LOCATION: Residence of Harold Garrison
DOCKET NO.: 85-759
DECIDED BY: Rehnquist Court (1986-1987)
LOWER COURT: Maryland Court of Appeals
CITATION: 480 US 79 (1987)
ARGUED: Nov 05, 1986
DECIDED: Feb 24, 1987
GRANTED: Feb 24, 1986
Gerald A. Kroop – on behalf of the respondent
Stephen H. Sachs – on behalf of the petitioner
Facts of the case
Baltimore police officers obtained a warrant for the apartment of Lawrence McWebb and “the premises known as 2036 Park Avenue third floor apartment.” When they obtained and executed the warrant, the police mistakenly believed that there was only one apartment on the third floor. By the time they discovered there were two apartments, the police were already in the process of searching the apartment of Harold Garrison. During that search, police discovered heroin. Garrison was tried and convicted of violating Maryland’s Controlled Substances Act. He filed a motion to suppress the evidence of the heroin discovered during the search, but the trial court denied the motion. The Maryland Court of Special Appeals affirmed, but the Maryland Court of Appeals reversed.
If the police were unaware that there were two apartments on the third floor, does the Warrant Clause of the Fourth Amendment prevent the use of a warrant to justify the seizure of evidence the police found in the second apartment?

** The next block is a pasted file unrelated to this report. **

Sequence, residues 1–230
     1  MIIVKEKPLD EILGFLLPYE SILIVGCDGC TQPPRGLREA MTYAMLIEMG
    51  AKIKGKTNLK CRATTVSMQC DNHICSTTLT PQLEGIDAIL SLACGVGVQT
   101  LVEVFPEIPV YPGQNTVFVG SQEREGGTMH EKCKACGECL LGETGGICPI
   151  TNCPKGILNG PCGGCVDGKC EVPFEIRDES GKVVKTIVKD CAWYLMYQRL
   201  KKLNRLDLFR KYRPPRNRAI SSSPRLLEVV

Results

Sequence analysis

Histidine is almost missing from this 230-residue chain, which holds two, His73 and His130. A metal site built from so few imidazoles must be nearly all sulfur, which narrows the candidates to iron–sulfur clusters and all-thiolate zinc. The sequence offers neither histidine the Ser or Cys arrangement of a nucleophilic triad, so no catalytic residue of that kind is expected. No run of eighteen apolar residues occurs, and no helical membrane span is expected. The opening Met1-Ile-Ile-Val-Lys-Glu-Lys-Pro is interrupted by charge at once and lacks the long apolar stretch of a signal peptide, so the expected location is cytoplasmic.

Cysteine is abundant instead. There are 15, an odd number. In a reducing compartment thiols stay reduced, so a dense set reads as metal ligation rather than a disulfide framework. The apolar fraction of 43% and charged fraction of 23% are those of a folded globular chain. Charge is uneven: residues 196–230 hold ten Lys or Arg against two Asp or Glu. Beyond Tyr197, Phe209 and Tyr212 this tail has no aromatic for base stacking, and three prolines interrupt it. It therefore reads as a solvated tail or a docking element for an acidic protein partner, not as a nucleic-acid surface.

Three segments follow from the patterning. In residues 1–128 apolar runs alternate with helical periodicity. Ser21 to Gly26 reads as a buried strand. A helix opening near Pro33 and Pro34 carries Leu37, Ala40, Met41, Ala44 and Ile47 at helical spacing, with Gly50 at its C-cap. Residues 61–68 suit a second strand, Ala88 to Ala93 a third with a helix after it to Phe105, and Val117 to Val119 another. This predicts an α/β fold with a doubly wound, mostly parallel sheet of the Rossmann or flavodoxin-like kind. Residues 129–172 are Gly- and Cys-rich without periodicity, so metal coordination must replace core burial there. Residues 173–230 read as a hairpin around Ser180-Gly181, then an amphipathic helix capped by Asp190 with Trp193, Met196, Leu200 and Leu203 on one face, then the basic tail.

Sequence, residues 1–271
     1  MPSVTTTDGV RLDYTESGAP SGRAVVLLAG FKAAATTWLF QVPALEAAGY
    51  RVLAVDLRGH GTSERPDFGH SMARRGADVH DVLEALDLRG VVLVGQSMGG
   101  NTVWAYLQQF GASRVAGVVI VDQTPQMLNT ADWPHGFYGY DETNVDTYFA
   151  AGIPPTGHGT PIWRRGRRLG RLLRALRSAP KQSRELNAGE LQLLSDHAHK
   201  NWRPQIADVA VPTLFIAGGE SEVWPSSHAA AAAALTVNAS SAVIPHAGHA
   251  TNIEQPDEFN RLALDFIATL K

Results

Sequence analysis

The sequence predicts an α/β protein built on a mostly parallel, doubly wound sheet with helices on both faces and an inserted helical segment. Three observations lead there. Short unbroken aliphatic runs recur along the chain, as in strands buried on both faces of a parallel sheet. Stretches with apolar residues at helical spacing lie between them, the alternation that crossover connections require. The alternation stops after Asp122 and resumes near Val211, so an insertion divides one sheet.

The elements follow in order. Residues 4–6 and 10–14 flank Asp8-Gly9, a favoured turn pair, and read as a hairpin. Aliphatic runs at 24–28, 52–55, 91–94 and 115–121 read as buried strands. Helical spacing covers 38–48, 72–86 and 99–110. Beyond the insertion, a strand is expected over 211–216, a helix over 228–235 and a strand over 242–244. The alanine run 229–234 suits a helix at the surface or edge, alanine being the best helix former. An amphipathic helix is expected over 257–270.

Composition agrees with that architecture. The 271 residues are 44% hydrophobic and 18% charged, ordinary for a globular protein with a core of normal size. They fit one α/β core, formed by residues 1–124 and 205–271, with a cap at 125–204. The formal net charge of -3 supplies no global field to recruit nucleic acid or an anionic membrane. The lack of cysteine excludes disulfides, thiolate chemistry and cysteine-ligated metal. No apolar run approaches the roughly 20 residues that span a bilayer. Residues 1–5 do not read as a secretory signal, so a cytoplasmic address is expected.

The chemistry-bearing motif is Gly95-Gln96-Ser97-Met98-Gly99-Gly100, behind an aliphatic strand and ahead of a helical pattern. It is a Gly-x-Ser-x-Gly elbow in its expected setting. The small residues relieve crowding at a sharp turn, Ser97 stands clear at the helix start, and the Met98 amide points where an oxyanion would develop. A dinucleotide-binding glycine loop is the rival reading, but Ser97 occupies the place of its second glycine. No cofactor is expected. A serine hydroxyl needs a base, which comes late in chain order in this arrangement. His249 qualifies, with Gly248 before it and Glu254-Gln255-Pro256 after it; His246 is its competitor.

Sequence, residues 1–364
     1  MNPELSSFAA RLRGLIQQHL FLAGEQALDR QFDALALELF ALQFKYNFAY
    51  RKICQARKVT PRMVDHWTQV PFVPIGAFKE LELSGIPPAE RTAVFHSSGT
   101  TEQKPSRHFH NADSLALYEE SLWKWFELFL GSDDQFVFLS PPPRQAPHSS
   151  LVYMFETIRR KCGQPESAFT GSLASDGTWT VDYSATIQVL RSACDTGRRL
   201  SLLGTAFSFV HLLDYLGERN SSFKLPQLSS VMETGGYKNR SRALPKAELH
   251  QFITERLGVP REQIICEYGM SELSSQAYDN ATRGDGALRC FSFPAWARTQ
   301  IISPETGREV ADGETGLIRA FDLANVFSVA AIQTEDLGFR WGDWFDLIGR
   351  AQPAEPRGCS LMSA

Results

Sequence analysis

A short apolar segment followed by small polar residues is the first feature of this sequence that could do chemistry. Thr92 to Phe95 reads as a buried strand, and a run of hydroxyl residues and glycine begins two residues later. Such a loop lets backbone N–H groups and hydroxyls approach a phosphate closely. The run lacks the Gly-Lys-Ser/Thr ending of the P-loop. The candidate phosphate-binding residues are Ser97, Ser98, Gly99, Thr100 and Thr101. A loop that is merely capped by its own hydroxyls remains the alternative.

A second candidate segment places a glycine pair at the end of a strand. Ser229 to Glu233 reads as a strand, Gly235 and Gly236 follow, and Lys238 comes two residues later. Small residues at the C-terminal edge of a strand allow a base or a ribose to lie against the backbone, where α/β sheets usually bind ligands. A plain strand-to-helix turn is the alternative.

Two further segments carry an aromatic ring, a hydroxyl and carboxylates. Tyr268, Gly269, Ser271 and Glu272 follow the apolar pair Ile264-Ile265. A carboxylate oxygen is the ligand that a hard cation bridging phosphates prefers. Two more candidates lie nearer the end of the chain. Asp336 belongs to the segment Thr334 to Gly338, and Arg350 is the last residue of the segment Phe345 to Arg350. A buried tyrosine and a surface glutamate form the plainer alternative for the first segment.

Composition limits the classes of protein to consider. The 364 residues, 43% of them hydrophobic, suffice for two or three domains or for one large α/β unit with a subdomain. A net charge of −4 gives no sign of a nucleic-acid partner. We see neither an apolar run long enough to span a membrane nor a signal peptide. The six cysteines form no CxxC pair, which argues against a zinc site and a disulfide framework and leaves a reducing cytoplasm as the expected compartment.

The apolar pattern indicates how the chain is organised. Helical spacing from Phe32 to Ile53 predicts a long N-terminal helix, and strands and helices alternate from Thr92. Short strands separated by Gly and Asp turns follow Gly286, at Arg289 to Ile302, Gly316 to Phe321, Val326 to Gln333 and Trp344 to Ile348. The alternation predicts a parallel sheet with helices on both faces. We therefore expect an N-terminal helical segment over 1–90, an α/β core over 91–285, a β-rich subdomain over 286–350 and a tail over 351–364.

Media for Maryland v. Garrison
Audio Transcription for Opinion Announcement – February 24, 1987 in Maryland v. Garrison
William H. Rehnquist:
The opinion of the Court in No 85-759, Maryland against Garrison will be announced by Justice Stevens.
John Paul Stevens:
This is a Fourth Amendment case that comes to us from the Court of Appeals of the State of Maryland.
Baltimore police officers obtained and executed a warrant to search the person of one McWebb and “the premises known as 2036 Park Avenue, third floor apartment”.
At the time they obtained the warrant and at the time they started the search they thought there was just one apartment on the third floor of this multi unit dwelling, but when they get on the scene and when the search was in progress they realized that there were two apartments there.
The contraband that they seize and pursuant to the warrant was in the respondent’s apartment rather than in McWebb’s apartment.
And the question is whether that search and the seizure were permissible under the Fourth Amendment.
We hold that judging the validity of the warrant on the basis of the facts as existed at the time the officers applied for the warrant, and the validity of the search at the time it was begun and at the time they found the material that the actions of the officers was objectively reasonable and therefore there was no violation of the Fourth Amendment.
Accordingly we reverse the contrary holding of the Court of Appeals of Maryland.
Justice Blackmun has filed a dissenting opinion in which Justice Brennan and Justice Marshall have joined.